ESO LaSilla
    ESO/Cerro LaSilla 600 km north of Santiago de Chile at an altitude of 2400 metres

    ESO VLT
    VLT at Cerro Paranal, with an elevation of 2,635 metres (8,645 ft) above sea level

    ESO Vista Telescope
    ESO/Vista Telescope at Cerro Paranal, with an elevation of 2,635 metres (8,645 ft) above sea level

    ESO NTT
    ESO/NTT at Cerro LaSilla 600 km north of Santiago de Chile at an altitude of 2400 metres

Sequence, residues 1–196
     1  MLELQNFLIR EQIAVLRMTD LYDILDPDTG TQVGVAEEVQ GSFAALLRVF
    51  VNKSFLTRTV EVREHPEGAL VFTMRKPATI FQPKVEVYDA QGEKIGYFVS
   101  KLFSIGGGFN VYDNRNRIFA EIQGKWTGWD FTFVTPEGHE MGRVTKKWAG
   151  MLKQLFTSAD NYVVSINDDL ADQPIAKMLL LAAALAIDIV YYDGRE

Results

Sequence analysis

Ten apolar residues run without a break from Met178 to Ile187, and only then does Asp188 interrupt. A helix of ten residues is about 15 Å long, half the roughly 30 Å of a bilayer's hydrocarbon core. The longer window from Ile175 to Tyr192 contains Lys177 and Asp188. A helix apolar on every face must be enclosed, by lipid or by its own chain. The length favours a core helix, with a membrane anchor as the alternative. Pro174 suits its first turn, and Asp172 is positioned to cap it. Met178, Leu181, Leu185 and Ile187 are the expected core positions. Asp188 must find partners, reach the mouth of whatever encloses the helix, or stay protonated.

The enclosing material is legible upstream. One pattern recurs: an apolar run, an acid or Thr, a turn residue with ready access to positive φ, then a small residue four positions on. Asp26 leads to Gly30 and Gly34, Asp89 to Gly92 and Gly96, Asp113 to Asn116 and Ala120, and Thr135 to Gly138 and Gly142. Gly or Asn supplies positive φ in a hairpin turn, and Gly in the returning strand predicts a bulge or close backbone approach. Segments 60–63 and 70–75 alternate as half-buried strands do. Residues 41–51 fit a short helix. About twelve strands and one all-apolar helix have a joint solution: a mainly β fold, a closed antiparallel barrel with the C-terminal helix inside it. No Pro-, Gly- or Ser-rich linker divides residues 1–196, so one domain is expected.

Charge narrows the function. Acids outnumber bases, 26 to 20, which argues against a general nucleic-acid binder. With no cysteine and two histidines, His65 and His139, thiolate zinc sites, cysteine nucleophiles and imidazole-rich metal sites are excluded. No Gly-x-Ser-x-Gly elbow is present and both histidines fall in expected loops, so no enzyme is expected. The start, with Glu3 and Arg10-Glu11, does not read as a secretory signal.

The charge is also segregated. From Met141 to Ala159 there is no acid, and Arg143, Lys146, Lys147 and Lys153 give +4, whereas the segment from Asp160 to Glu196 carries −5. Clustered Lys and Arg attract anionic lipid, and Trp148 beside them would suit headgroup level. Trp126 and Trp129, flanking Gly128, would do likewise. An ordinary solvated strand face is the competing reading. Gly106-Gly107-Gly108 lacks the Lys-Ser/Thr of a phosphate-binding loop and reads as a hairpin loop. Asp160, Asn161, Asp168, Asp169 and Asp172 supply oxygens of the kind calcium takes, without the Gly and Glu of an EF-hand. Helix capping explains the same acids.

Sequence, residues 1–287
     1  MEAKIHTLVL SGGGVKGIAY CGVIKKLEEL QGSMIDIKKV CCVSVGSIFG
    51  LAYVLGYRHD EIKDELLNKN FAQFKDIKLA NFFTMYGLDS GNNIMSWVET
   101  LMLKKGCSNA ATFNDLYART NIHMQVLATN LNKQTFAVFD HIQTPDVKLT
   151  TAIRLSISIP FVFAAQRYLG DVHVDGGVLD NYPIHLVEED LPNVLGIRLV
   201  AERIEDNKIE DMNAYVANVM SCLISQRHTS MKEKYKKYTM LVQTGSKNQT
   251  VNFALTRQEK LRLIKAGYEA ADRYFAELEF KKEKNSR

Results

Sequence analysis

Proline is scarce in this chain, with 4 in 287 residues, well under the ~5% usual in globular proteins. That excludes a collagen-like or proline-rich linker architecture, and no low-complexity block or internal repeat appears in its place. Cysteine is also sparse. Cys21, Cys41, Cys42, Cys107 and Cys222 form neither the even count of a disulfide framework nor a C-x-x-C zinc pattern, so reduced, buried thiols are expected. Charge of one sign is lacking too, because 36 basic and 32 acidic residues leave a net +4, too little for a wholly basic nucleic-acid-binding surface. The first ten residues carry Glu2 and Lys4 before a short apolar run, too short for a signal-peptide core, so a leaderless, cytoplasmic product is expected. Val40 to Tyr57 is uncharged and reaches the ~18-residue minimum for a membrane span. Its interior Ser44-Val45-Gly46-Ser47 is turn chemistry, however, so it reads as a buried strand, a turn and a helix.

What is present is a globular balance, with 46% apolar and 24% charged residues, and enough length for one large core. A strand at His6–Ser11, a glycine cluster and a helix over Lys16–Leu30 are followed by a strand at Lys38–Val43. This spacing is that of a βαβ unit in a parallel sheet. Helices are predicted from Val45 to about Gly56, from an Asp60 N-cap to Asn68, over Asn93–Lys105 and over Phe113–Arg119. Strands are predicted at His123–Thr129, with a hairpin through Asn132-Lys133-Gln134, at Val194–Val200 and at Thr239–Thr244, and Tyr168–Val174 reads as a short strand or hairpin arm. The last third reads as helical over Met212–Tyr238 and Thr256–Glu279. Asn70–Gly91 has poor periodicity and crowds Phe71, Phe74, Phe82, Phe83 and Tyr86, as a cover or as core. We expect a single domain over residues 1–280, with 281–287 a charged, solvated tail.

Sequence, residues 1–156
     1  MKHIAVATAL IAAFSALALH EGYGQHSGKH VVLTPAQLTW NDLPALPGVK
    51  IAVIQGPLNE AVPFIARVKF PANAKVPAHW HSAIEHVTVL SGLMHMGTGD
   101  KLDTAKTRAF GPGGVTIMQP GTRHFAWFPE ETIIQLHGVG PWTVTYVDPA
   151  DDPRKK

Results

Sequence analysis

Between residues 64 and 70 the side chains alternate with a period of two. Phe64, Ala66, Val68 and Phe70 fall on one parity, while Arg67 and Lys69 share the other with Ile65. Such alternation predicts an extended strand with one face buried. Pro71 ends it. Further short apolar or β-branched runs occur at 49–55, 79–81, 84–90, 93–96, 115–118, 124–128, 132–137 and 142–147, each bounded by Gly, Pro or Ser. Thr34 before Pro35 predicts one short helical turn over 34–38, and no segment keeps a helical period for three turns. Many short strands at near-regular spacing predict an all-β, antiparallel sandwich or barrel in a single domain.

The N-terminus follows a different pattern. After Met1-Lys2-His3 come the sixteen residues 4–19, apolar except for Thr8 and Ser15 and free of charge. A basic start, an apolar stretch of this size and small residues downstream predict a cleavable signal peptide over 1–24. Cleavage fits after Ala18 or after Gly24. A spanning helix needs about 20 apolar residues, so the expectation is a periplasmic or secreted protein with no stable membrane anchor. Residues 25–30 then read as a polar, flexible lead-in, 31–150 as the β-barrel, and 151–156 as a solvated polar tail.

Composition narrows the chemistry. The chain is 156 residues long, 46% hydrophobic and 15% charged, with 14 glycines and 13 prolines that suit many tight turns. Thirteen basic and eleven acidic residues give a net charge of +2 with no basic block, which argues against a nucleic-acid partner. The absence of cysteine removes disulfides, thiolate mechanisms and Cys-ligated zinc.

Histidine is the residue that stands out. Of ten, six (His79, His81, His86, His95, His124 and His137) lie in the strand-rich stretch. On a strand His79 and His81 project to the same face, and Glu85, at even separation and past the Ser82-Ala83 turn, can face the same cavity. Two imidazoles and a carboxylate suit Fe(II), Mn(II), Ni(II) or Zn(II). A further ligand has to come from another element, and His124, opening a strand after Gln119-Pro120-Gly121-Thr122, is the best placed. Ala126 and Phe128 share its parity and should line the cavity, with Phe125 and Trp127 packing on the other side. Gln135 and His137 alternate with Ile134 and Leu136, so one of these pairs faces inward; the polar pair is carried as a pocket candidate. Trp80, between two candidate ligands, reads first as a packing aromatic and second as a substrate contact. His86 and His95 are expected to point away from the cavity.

ESO VLT Survey telescope
    VLT Survey Telescope at Cerro Paranal with an elevation of 2,635 metres (8,645 ft) above sea level

    ALMA Array
    ALMA on the Chajnantor plateau at 5,000 metres

    ESO E-ELT
    ESO/E-ELT to be built at Cerro Armazones at 3,060 m

    ESO APEX
    APEX Atacama Pathfinder 5,100 meters above sea level, at the Llano de Chajnantor Observatory in the Atacama desert

    Leiden MASCARA instrument, La Silla, located in the southern Atacama Desert 600 kilometres (370 mi) north of Santiago de Chile at an altitude of 2,400 metres (7,900 ft)

    Leiden MASCARA cabinet at ESO Cerro la Silla located in the southern Atacama Desert 600 kilometres (370 mi) north of Santiago de Chile at an altitude of 2,400 metres (7,900 ft)